The Significance of Work in Our Nation

Posted on January 19, 2019

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I am going to do something I don’t do too often in our column, which is to plug a good book. I am not speaking of the Bible, the ultimate “Good Book,” which I refer to often and use as my instructional guide.

But the book I am referring to has a lot of Biblical truth in it, and the subject of the book came up in a conversation a few weeks ago with wife Louise. We were driving back from Anniston, having met our oldest daughter there who came from Atlanta to pick her children after a few days with their grandparents, us. We met her halfway, which, as I thought later, has seemed to elude modern politicians as a useful principle,

“What’s wrong with the country?” came up as we zipped across the wintry Alabama interstate on our way to Birmingham and then home. It was cold outside and as the sun set before us, the heater felt good, such a contrast to the long hot summers that seem to stymie thinking on sweltering afternoons.

I tossed around some ideas on the subject and Louise mulled them over, half convinced that her historian husband may be right in some of his ruminations on the origins of socialism and communism in the modern world, and their growing attraction in our country, long thought to be the bastion of capitalism and liberty the last few centuries.

“So,” she pondered on, “can we stop this plunge and return to what we were?” or as President Trump expressed it, to “make America great again” in his Inaugural Address.

In a truly perceptive article by Ralph Benko in spring 2017, “The Left’s Epic War on Trump Contests ‘American Greatness,’ Benko nailed the issue as a “narrative war” between Left and Right in this country. Who rules the narrative, or the story of what is right and wrong, the truth, will prevail in the end. You have to read it to appreciate the argument (in Forbes if you are interested). The argument is well made: who controls the narrative essentially rules the politics. The best line was Trump’s complaint that he is being treated unfairly by the media, which prompted Benko to remember World War II bomber pilots who opined, “If you’re not catching flack, you’re not over the target.” So, by extension, Trump must be doing something right, and, of course, those throwing up the anti-aircraft flack were the enemy.

Benko nails the revisionists of the Left in our country who turn the truth upside down and reveal what they consider the truth. Daniel Boone was not a “heroic frontiersman beset by savage, brutal, Indians,” but “a barbaric figure invading the territory of, and harming, the noble Native Americans.” Even the American Revolution is diminished and dismissed by the revisionists who claim—and so seek to get the upper hand in the narrative–that the Revolution was just a piece of “great-power politics, fought in unimaginably brutal terms, and no more connected to ideas and principles than any other piece of great-power politics.” So much for “all men are created equal [and] are endowed by their Creator with certain unalienable Rights, that among these are Life, Liberty and the pursuit of Happiness.” Read Benko’s article for the true Boone, who was much closer to the heroic myth than his modern detractors describe him.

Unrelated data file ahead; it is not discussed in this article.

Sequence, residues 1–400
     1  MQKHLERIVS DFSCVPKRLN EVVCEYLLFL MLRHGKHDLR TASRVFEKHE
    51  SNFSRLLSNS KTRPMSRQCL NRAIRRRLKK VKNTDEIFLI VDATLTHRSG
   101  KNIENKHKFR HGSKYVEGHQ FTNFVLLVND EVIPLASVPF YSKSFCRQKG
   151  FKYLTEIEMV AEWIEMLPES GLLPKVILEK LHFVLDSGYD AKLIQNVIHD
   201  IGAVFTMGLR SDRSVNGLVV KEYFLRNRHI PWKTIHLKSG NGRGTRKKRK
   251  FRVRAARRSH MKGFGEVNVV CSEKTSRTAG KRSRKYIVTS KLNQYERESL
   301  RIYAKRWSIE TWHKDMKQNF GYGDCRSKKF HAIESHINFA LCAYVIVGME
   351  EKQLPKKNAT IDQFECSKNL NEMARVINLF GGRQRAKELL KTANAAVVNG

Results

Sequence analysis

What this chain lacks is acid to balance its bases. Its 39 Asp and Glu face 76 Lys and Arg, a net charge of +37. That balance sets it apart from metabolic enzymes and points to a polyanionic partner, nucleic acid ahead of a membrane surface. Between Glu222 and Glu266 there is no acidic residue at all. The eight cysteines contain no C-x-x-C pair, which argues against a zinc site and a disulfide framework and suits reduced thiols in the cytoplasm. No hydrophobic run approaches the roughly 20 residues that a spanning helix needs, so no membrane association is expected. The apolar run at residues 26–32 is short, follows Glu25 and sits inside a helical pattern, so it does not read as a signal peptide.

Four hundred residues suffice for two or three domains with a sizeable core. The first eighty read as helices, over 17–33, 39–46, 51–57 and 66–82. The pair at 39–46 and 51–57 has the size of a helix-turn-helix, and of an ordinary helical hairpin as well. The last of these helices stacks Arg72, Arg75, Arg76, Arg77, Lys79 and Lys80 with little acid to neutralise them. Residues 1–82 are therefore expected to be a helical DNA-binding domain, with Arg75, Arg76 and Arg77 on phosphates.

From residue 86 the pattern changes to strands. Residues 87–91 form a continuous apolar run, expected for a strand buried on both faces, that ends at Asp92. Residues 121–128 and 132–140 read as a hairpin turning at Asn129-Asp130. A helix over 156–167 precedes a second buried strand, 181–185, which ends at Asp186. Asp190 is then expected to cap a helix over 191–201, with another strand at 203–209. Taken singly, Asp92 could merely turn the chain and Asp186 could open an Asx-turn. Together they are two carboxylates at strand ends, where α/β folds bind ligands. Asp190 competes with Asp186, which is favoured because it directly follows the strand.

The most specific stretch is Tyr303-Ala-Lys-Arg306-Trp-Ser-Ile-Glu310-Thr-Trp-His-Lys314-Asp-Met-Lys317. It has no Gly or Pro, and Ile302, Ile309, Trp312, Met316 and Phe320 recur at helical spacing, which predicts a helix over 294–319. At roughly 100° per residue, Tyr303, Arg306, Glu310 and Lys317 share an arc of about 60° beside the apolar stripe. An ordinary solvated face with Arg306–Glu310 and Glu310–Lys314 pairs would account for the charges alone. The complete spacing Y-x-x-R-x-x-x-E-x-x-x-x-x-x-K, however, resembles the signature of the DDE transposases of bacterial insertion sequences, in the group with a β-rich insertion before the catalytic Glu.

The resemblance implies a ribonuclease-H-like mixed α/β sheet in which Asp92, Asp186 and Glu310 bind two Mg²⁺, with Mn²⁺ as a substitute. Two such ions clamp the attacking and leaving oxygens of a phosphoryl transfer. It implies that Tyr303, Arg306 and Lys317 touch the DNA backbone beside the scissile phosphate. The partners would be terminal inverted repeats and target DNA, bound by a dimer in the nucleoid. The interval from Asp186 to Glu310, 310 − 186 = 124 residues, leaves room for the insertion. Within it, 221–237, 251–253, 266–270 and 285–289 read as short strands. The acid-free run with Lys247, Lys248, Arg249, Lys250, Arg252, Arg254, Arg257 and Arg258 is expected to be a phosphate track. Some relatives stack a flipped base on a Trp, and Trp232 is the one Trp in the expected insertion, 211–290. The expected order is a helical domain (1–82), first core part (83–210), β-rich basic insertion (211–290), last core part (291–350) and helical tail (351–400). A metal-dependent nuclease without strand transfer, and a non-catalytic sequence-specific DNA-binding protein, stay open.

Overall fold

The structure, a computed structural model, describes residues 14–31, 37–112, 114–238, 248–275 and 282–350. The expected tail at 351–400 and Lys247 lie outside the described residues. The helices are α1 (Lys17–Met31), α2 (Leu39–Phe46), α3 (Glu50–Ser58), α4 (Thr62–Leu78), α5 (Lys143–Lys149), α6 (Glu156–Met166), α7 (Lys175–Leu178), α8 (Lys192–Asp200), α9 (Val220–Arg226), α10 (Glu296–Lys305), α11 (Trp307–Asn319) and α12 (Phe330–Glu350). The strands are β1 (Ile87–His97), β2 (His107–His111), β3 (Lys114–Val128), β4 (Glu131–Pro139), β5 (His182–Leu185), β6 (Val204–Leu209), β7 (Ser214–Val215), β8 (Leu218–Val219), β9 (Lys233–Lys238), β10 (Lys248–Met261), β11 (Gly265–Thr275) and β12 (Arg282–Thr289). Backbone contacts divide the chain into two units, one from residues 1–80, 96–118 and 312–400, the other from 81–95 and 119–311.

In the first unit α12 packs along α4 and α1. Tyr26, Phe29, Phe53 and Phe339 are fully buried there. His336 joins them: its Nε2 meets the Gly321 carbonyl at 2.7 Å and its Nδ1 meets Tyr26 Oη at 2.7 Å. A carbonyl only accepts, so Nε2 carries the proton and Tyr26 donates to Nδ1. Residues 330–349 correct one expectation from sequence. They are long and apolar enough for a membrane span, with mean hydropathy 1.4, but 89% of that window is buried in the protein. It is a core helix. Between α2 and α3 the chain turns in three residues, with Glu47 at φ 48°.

And here let me stray a bit from these arguments about existentialism, revisionism, narrative, and legitimacy and turn to the “Creator” affirmed in the Declaration of Independence. At the core of this great debate between traditionalists and revisionists, between conservatives and progressive socialists and communists is not only whose narrative is the honest and true one, but also the issue of how we create wealth—work–and what we do with it—wealth–in this country. Even more important, how do we live in God’s will with respect to work and wealth?

In other words, while the narrative is the issue for Benko and many brilliant thinkers and strategists on both sides of the issue, I think the question needs to be reframed. The issue is: are we turning invariably towards socialism or can we preserve the best of a capitalist culture built on liberty and godliness?

Who has the answers? Let me suggest as gently as possible to all the great and small thinkers, intellectuals, politicians of depth and some so shallow as to be unbelievable if they hadn’t just been elected in the last round, that the answers are in Scripture. Put aside econometrics, ideologies, existentialism, identity politics, and the like for a moment.

I have turned to Scripture often for obvious reasons—but the obvious needs to be stated—that it is only in Scripture where the reader will find the undefiled, no-spin truth, on any subject that transcends time. You won’t find how computers work in Scripture, but you just might find what made a Steve Jobs, the founder of Apple, tick and how inventions fit into the scheme of God’s plan for all of us.

To prepare you for this informal series that follows in the next few months–woven into the regular themes that run through the Port Rail–I will follow the thread of what Scripture has to say about work. And, of equal importance, how we spend what we accumulate in our work, generally described as wealth right now for the sake of argument.

Therein lies the answer to: can we preserve the best of our way of life that got us here, or are we turning to socialism and communism for the answer, following the crowd of socialists and communists who have enjoyed some stays in power across the world ultimately to end in dismal and despotic failures.

Ah, the book I am recommending to you. That for later, but you might find Work and Wealth in Scripture if you feel like browsing a bit next time you fired up your computer, and by doing so anticipate a few future columns.

Published as “Does fate of nation rest on control of narrative?” in The Tuscaloosa News, Dec. 16, 2018.

Posted in: Politics, Scripture